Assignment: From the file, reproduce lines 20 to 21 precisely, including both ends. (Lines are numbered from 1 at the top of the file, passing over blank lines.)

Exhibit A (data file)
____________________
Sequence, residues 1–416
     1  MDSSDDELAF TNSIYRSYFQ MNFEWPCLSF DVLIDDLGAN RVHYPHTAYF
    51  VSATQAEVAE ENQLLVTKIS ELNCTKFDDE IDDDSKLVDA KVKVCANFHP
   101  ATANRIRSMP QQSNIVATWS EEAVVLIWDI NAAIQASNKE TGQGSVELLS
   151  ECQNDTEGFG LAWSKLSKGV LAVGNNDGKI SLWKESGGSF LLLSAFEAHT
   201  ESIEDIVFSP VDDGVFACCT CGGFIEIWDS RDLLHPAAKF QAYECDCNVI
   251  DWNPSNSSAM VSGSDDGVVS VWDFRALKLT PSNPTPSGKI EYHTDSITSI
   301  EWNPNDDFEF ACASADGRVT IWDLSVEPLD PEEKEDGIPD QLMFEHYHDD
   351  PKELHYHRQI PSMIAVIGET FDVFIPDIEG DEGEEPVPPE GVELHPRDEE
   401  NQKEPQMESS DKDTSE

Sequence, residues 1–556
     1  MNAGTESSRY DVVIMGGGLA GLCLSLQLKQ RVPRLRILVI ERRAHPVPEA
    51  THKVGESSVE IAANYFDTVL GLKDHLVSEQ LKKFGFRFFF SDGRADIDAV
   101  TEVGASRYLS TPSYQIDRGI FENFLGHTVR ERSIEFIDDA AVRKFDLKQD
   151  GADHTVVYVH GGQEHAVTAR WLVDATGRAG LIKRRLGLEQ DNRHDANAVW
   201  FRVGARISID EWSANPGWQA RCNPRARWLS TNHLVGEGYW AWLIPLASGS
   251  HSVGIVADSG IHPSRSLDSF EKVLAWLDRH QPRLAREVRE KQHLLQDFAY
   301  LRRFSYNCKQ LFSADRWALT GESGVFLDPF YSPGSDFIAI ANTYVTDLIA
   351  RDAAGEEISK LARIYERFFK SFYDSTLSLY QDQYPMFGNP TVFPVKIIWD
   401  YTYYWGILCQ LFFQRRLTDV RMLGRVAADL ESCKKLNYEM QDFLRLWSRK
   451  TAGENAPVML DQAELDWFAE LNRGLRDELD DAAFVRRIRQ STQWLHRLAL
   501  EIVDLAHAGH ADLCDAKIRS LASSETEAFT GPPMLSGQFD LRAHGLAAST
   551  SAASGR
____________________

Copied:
   401  YTYYWGILCQ LFFQRRLTDV RMLGRVAADL ESCKKLNYEM QDFLRLWSRK
   451  TAGENAPVML DQAELDWFAE LNRGLRDELD DAAFVRRIRQ STQWLHRLAL